The path started easily enough, slippery but relatively flat except for a few boulders you had to climb over.  Then the trail was like “Sucker! Climb this!” and I had to climb a high vertical, grabbing onto ropes to not slip down.  I reached the view point out of breath, looked around for a sec, took a picture, and saw another sign “Shortcut to Lagoon”.  Cool, might as well, I got this far.  The trail slopes down and now I am holding the ropes to walk down over steep rocks.  I keep passing people on the way. 
“Am I close?”
“Not really.”

Then the trail took a turn for impossible and I was now climbing down vertical, slippery rocks with just a rope and a few unreliable grips.   I did this down many cliffs, one of which I had to climb through hole in a cave.  Flip flops from failed tourists littered the ground like forgotten dreams.  I saw a few hikers climbing back up.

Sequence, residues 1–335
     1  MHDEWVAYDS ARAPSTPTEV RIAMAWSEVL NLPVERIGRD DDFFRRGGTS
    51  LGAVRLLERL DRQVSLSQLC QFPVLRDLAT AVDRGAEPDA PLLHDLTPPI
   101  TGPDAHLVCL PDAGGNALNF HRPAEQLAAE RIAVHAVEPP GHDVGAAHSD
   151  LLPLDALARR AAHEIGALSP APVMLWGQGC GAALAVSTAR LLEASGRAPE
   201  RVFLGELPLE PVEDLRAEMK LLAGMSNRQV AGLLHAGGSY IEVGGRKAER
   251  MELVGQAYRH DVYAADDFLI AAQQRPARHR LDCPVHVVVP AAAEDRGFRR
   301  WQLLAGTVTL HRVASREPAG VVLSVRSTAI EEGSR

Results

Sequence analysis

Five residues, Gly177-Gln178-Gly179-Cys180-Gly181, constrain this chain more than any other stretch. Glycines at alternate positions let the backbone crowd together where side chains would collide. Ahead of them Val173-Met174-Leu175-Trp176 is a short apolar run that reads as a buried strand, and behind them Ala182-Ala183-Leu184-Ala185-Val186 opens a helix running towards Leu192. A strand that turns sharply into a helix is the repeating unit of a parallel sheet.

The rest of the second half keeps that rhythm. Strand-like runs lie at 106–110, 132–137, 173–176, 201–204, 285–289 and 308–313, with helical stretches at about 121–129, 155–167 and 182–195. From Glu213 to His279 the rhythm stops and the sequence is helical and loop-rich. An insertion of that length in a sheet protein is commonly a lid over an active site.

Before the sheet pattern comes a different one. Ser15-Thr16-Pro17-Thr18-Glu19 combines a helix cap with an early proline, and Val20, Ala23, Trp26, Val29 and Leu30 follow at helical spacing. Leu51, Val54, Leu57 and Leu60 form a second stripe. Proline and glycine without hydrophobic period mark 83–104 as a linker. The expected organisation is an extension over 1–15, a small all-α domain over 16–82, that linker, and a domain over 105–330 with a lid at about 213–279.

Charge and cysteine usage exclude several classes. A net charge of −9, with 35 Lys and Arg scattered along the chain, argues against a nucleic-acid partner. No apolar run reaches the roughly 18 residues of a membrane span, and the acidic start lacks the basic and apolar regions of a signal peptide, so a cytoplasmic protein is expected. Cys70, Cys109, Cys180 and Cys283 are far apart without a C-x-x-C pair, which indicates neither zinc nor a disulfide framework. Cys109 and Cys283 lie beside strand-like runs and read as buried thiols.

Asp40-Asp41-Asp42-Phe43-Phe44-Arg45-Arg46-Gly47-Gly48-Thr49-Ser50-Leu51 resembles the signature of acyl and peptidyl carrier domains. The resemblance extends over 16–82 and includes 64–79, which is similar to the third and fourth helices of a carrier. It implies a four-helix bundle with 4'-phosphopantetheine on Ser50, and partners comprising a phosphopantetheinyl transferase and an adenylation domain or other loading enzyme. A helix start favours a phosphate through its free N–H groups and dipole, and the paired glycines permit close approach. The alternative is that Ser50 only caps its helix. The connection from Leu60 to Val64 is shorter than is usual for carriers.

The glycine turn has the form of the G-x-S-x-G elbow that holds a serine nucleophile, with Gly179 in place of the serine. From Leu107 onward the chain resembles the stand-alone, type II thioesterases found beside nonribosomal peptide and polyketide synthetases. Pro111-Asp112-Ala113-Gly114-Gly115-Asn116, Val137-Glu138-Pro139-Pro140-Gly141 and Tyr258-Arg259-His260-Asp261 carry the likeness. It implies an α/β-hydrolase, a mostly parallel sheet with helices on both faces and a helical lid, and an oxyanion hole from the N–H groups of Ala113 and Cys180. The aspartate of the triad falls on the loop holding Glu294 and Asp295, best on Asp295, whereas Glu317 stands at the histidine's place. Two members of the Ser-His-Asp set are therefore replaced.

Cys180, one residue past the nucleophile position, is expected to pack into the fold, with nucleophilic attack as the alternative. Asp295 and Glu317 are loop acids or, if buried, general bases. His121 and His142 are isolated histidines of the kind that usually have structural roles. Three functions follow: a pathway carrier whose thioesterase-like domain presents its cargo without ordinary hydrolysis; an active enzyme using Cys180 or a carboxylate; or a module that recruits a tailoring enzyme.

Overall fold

“It’s worth it, you can do it, keep going!”
“Thanks!  …fuckyou.”
An hour, so many bruises, I reached the lagoon.  It was very silent except for birds echoing between the walls of the valley and up into the blue circle of sky above.  I was the only one there.  I lay in the water on my back and looked up serenely until I crashed my leg into a rock and cut it open.  Which, of course.

The Viewpoint

Ropes down to the Lagoon

The Lagoon


I climbed back out of the lagoon and literally pulled myself back up the walls.  When I rain into a couple in flip flops who asked how much longer,
“You’ll be fine, you can do it!”

Covered in mud, I drank two coconuts and made it back just in time for the last boat.